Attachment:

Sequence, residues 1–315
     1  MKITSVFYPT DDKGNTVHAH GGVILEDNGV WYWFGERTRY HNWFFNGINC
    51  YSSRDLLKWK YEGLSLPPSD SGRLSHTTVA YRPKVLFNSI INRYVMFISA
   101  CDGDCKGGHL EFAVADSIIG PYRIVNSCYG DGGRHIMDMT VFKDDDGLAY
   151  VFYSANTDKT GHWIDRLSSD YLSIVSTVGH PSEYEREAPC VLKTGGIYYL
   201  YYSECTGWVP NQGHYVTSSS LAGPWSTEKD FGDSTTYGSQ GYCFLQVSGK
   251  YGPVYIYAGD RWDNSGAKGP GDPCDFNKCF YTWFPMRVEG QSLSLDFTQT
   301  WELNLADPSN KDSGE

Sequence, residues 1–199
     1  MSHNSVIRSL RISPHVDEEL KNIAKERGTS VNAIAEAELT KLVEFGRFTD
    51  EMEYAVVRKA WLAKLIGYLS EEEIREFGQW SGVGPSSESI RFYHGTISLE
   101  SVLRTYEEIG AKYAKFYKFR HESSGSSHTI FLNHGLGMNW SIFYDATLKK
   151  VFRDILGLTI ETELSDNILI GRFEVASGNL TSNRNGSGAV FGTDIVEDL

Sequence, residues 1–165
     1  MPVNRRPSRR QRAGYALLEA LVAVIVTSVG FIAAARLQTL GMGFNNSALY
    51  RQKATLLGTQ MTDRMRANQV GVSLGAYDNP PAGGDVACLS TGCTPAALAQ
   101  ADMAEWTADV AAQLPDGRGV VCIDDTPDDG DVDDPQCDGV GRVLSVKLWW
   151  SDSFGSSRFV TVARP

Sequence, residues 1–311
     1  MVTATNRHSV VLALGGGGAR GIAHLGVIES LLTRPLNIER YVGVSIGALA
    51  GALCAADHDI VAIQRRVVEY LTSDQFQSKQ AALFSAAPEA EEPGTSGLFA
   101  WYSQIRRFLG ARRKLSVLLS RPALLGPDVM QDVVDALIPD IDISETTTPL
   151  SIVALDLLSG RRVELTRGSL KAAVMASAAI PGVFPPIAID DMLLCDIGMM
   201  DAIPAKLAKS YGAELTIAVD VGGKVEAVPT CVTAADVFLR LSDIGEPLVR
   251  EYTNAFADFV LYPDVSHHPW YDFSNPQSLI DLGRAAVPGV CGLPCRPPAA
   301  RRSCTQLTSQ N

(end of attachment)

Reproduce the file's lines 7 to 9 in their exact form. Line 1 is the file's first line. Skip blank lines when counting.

   251  YGPVYIYAGD RWDNSGAKGP GDPCDFNKCF YTWFPMRVEG QSLSLDFTQT
   301  WELNLADPSN KDSGE

Sequence, residues 1–199